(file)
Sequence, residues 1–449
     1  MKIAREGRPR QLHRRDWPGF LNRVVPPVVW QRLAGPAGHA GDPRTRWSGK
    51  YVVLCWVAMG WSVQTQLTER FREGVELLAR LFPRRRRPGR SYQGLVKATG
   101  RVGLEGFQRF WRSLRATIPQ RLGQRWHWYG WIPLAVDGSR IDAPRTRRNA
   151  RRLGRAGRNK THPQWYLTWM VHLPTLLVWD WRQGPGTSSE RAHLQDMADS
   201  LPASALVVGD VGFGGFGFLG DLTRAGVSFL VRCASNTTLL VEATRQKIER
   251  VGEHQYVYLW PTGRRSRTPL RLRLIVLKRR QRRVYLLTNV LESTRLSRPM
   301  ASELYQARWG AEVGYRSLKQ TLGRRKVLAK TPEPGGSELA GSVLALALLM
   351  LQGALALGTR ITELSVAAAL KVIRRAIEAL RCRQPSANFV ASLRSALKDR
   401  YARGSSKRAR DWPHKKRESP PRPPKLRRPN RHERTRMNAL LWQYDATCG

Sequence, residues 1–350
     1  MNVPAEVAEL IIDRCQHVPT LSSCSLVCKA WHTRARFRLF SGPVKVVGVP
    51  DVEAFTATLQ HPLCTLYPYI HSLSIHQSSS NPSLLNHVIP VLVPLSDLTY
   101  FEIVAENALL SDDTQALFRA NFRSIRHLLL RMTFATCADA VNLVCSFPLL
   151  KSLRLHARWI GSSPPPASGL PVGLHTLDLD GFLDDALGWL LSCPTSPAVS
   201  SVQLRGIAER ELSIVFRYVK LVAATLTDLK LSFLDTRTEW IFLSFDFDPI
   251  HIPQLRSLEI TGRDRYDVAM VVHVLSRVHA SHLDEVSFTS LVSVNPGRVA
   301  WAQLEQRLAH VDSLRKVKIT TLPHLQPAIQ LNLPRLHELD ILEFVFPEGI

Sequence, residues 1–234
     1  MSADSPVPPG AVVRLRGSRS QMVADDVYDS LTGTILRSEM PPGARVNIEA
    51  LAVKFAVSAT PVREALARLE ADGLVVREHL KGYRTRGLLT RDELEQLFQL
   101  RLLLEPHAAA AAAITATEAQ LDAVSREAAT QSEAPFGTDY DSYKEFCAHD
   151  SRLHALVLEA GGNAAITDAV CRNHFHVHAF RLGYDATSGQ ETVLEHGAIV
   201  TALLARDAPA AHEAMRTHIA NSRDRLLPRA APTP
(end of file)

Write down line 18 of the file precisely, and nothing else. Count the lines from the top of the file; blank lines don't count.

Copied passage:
   301  WAQLEQRLAH VDSLRKVKIT TLPHLQPAIQ LNLPRLHELD ILEFVFPEGI